# pgf: 3D Graphing sqrt(-x-y^2+8) results in a jagged surface

The plot of this specific elliptic paraboloid, sqrt(-x-y^2+8) comes out looking like this. I've tried parameterizing the surface, writing the equation in different forms, and messed around with the domain. The error I get most of the time is something about the z axis and having a mismatched number of rows and cols. Can someone help me by figuring out to make the surface smooth and well just not look like this?

\usepackage{pgfplots}
\usetikzlibrary{3d, calc}
\pgfplotsset{compat=1.18}
\usepackage{tikz-3dplot}

\begin{document}

\begin{tikzpicture}
\begin{axis}[axis lines=center]
\end{axis}
\end{tikzpicture}

\end{document}

• Welcome! Please can you add a class so this can be compiled?
– cfr
Commented Oct 2, 2023 at 2:10

## The issues

Because PGFPlots samples points within the domain [−3,3] × [−3,3] then constructs a plot from evaluating z-coordinates, there are two unfortunate problems we encounter when trying to plot this particular surface. First, the equation z = sqrt(−x − y2 + 8) is complex on a subset of the domain, but PGFPlots cannot plot complex values. We can use unbounded coords=jump to resolve this first problem—this tells PGFPlots to make jumps where coordinates are nan.

The second problem is a more of a hindrance to handle. PGFPlots does not sample evenly along the lower bound of the surface, which occurs where z = 0. This will result in a series of jagged-looking spikes along the bottom of the graph when PGFPlots attempts to stitch the evaluated points into a complete graph. A workaround for this problem is to use an if-statement that sets sufficiently small values (less than 0.2) to zero, which removes some of the roughness from the bottom of the graph.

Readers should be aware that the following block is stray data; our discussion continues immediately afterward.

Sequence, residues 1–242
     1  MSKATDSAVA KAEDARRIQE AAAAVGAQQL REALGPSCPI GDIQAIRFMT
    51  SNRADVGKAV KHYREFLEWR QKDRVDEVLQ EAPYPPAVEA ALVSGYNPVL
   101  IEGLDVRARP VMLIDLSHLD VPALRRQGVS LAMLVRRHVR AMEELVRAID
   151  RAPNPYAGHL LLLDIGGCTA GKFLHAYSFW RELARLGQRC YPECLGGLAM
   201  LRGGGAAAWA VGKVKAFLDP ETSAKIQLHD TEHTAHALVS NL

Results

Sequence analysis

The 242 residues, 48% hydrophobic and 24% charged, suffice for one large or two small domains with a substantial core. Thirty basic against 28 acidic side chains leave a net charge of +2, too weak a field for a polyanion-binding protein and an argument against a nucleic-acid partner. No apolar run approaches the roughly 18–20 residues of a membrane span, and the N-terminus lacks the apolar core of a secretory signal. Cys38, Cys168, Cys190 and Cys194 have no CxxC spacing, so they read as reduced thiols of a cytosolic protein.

## Code

\documentclass{standalone}

\usepackage{pgfplots}
\usetikzlibrary{3d, calc}
\pgfplotsset{compat=1.18}

\begin{document}

\begin{tikzpicture}
\begin{axis}[
axis lines = center,
xmin = -4,
xmax =  4,
ymin = -4,
ymax =  4,
axis equal image,
unbounded coords = jump
]
domain  = -3:3,
samples = 80,
surf,
] {-x-y^2+8 < 0.2 ? 0 : sqrt(-x-y^2+8)};
\end{axis}
\end{tikzpicture}

\end{document}


To be honest, I’m not sure whether there’s a way to change PGFPlots’ sampling intervals for the second problem, but I’d be happy for feedback in the comments if this can be improved.

• Hey, just want to thank you @gz839918 for answering my question. Obviously, adding the < 0.2 ? 0 argument will make some parts outside the "real" (complex) domain of the function show a flat surface rather than being empty. Is there any way to eliminate that or is it not possible? Commented Oct 2, 2023 at 16:18
• @tangula I'm glad it helped! I'm not sure about the answer to your question, but it may be possible to perform a custom sample of points, by using a for-loop to sample points on z = 0 then passing all evaluated points with \addplot3 coordinates. I wouldn't know for sure until somebody tries it, though... Commented Oct 3, 2023 at 1:21
\documentclass[tikz, border=1cm]{standalone}
\usepackage{pgfplots}
\pgfplotsset{compat=1.18}
\begin{document}
\begin{tikzpicture}
\begin{axis}[
%axis lines=center,
]